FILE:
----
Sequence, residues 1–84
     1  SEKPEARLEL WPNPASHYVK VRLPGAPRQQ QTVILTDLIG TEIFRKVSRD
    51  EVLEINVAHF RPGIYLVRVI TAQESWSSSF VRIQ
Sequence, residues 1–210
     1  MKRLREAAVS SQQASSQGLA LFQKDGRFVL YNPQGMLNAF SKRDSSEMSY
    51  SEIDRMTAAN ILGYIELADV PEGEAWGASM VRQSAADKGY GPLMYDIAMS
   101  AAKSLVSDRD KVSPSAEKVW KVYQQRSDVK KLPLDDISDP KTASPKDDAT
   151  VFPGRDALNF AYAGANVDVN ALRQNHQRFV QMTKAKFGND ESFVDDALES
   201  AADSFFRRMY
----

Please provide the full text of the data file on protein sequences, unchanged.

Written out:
Sequence, residues 1–84
     1  SEKPEARLEL WPNPASHYVK VRLPGAPRQQ QTVILTDLIG TEIFRKVSRD
    51  EVLEINVAHF RPGIYLVRVI TAQESWSSSF VRIQ
Sequence, residues 1–210
     1  MKRLREAAVS SQQASSQGLA LFQKDGRFVL YNPQGMLNAF SKRDSSEMSY
    51  SEIDRMTAAN ILGYIELADV PEGEAWGASM VRQSAADKGY GPLMYDIAMS
   101  AAKSLVSDRD KVSPSAEKVW KVYQQRSDVK KLPLDDISDP KTASPKDDAT
   151  VFPGRDALNF AYAGANVDVN ALRQNHQRFV QMTKAKFGND ESFVDDALES
   201  AADSFFRRMY